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Self-Talk & Self-Health

By Julia E. Weikle
ERIC Clearinghouse on Reading, English, and Communication

This digest examines the ways in which self-talk, or inner-speech, can help change people's health states. Communication and medical professionals have researched the psychophysiological components of self-talk, to conclude that what people say to themselves does affect their ability to combat and ward off illnesses. Individuals can tap into the power of their own self-talk by recognizing it for what it is, reducing harmful negativity, and increasing the number of positive internal messages.


To determine "where" and "how" self-talk fits into the scheme of intrapersonal communication, and communication as a whole, some definitions must be derived. The reality of emotional choice--that people have definite control over their emotional state--is known in various circles as self-talk, intrapersonal communication (IAPC), imaging, and visualization (Weaver and Cottrell, 1987). Self-talk is part of IAPC, but the part cannot be equal to the whole.

Having concluded that self-talk and IAPC are separate but related, what is IAPC? Shedletsky (1989) places it into the traditional model of communication, but all elements of "sender," "receiver," and "transmitter" are carried out within individual people. Pearson and Nelson (1985) expand that definition as follows: Intrapersonal communication is not restricted to "talking to ourselves"; it also includes such activities as internal problem solving, resolution of internal conflict, planning for the future, emotional catharsis, evaluation of ourselves and others.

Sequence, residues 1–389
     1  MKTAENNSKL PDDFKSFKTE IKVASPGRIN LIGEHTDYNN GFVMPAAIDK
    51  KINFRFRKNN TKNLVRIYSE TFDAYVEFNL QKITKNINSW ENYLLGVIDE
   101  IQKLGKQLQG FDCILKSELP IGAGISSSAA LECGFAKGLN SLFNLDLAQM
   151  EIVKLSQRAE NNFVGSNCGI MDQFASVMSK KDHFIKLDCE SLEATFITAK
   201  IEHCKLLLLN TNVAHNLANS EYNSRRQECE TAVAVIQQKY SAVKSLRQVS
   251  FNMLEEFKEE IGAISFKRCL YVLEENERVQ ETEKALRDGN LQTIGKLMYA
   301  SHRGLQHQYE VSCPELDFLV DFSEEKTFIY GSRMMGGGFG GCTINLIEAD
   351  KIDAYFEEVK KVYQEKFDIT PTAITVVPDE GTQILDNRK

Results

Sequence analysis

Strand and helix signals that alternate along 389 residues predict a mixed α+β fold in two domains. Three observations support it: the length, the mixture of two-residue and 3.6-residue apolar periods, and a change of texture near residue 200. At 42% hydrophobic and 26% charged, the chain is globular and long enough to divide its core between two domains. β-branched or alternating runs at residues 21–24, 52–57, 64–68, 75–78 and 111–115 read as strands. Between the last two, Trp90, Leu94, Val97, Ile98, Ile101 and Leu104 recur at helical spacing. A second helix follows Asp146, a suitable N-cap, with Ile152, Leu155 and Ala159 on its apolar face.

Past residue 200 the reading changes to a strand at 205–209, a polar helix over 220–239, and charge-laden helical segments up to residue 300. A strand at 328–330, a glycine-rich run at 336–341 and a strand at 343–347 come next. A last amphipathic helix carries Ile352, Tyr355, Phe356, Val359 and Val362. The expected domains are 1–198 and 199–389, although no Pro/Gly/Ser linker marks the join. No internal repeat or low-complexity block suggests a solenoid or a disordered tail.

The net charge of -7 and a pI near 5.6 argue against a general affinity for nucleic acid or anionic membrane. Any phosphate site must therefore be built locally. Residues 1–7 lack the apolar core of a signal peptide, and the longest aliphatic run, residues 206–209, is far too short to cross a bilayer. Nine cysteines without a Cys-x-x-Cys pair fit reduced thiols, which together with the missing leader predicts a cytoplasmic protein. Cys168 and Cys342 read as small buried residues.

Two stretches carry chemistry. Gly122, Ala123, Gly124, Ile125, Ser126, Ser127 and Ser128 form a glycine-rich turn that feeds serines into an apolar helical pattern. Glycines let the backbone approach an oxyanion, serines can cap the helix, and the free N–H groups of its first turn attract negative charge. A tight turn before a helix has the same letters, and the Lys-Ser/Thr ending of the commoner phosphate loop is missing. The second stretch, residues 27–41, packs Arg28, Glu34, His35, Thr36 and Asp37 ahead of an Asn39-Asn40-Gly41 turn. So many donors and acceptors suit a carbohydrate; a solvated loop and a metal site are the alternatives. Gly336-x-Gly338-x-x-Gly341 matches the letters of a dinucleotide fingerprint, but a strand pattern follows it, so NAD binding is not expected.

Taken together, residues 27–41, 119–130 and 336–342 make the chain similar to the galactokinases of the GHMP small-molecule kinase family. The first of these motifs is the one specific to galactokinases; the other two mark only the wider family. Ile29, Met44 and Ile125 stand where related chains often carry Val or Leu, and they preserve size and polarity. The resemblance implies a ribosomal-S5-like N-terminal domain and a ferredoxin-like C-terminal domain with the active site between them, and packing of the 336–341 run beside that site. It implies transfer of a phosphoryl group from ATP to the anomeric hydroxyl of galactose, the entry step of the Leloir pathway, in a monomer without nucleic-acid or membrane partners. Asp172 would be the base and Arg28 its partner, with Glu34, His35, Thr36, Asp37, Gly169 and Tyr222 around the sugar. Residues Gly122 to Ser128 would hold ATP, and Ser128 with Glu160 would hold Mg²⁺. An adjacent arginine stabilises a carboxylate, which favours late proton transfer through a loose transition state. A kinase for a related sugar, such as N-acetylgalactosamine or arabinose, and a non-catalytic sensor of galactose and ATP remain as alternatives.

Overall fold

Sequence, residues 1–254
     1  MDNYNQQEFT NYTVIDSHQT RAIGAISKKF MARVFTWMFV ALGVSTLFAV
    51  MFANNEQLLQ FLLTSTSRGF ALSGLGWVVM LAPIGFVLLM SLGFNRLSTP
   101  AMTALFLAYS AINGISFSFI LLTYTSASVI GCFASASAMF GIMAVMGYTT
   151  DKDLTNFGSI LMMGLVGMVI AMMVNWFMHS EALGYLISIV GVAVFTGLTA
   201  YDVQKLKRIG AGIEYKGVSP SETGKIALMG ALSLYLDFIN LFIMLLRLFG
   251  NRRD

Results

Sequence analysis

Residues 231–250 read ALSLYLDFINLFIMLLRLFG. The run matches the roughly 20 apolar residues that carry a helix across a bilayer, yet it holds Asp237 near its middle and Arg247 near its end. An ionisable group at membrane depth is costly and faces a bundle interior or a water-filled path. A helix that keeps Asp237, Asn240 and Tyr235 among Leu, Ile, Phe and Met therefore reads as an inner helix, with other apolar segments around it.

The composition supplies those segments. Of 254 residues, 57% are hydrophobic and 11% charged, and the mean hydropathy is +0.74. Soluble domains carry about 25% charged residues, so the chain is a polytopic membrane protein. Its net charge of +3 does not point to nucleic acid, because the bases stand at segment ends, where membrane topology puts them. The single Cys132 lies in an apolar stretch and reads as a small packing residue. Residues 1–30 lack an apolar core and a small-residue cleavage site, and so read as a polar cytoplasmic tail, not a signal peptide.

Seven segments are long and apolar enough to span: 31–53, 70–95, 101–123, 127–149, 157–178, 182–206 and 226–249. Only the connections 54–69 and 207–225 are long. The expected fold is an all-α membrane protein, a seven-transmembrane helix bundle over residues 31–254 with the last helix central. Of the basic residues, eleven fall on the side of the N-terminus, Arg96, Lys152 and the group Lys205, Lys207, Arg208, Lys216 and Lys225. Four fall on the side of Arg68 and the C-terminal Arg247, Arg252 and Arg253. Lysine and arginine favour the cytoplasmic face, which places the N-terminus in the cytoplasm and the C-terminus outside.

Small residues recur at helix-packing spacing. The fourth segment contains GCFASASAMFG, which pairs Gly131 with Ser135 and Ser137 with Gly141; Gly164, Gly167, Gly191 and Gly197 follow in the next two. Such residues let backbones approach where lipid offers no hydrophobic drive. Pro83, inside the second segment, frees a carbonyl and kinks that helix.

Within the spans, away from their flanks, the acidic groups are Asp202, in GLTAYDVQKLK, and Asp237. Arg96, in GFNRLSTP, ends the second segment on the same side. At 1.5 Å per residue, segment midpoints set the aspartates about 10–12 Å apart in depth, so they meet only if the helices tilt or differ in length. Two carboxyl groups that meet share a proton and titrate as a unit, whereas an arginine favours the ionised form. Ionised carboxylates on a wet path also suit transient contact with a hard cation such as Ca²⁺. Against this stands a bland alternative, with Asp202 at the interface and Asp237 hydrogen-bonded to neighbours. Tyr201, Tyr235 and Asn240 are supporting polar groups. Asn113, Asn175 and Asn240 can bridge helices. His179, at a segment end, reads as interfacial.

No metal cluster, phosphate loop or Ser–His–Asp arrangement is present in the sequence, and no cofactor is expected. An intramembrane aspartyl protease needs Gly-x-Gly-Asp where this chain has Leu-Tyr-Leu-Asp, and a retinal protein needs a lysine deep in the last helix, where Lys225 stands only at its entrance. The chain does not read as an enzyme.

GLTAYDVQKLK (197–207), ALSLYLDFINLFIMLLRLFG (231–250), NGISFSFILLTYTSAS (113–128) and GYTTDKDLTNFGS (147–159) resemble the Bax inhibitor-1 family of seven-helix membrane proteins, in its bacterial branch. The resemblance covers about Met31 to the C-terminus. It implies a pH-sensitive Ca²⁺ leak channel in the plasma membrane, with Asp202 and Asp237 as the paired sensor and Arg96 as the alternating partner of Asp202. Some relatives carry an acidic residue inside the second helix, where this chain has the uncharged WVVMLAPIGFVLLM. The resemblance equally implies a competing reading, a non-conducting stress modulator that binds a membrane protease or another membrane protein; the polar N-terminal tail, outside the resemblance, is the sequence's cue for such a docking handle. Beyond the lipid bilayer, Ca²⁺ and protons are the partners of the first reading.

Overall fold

Fletcher (1989) adds the physiological dimension to IAPC. Fletcher defines, "Intrapersonal the process interior to the individual by which reality evolves and is maintained." It is a process which involves other parts of the body including the nervous system, organs, muscles, hormones, and neurotransmitters. IAPC, as well as the internal thoughts and language associated with it, serve as another "control" system in the body, on much the same level as the body's other systems. This is the beginning of the mind-body, or psychophysiological, connection.

Medical professionals are beginning to take note of mind-body interrelationships in their treatment of patients. The basis of this is the recognition of the functions of inner speech. These functions are to:

  • coordinate other connective sensory and motor functions within the brain
  • to integrate and link the individual to the social order